Buckland in the Moor is a perfectly picturesque village in Dartmoor; the pastoral landscape is dotted with quaint thatched cottages that harken to another time. With a population of just around 100 people, this tiny village also has more than its fair share of oddities.
One of the local gems is the parish church, St Peter’s, which was originally built in the 12th century and mostly rebuilt in the 15th century. It is notable for its Norman limestone font, rood screen, and medieval floor tiles. But its biggest draw is the unusual clock that graces the stone tower.
Instead of numerals, there are 12 Olde English letters around the circumference, which spell out “My Dear Mother.” The words “My Dear” make up the hours of 9 through 2 across the top of the clock face, with “Mother” spelled out counterclockwise below from 8 to 3.
The black-and-gold timepiece was added to the old church in 1931 by William Whitley, Lord of Buckland Manor. He had the clock made as a memorial to his mother who had recently died. Ever quarter hour, its chimes play the the Anglican hymn “All Things Bright and Beautiful.”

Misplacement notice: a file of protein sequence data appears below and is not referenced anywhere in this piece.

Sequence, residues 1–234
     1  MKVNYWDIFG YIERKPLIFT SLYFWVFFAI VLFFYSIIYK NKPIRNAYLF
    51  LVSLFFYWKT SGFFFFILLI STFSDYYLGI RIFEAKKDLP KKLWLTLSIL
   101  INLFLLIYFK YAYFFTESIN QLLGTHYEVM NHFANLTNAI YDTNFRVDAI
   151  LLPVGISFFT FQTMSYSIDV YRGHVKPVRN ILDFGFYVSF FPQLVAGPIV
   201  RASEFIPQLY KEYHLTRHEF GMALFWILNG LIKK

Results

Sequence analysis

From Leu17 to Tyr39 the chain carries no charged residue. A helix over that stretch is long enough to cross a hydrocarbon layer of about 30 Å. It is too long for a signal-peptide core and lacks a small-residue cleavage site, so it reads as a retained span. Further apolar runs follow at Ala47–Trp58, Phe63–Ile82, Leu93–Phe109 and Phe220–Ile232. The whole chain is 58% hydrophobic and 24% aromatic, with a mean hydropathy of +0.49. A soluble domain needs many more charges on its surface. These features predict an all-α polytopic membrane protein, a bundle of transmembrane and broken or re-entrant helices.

Whitley is also behind the village’s other unique attraction, two large granite slabs engraved with the Ten Commandments. He hired a mason to carefully carve the biblical text into two stones that stand on top of Buckland Beacon, a grassy hill with lovely views overlooking the valley. The Commandments are also carved on the wall inside the parish church.
Know Before You Go
The church stands on a small hill near the center of the village. The clock is on the exterior of the tower. The gold lettering was repainted when it was restored in 2004.
The Ten Commandments stones are at the top of the Buckland Beacon, which is accessed through a short walk. A footpath starts near the Cold East Cross parking area just east of the village.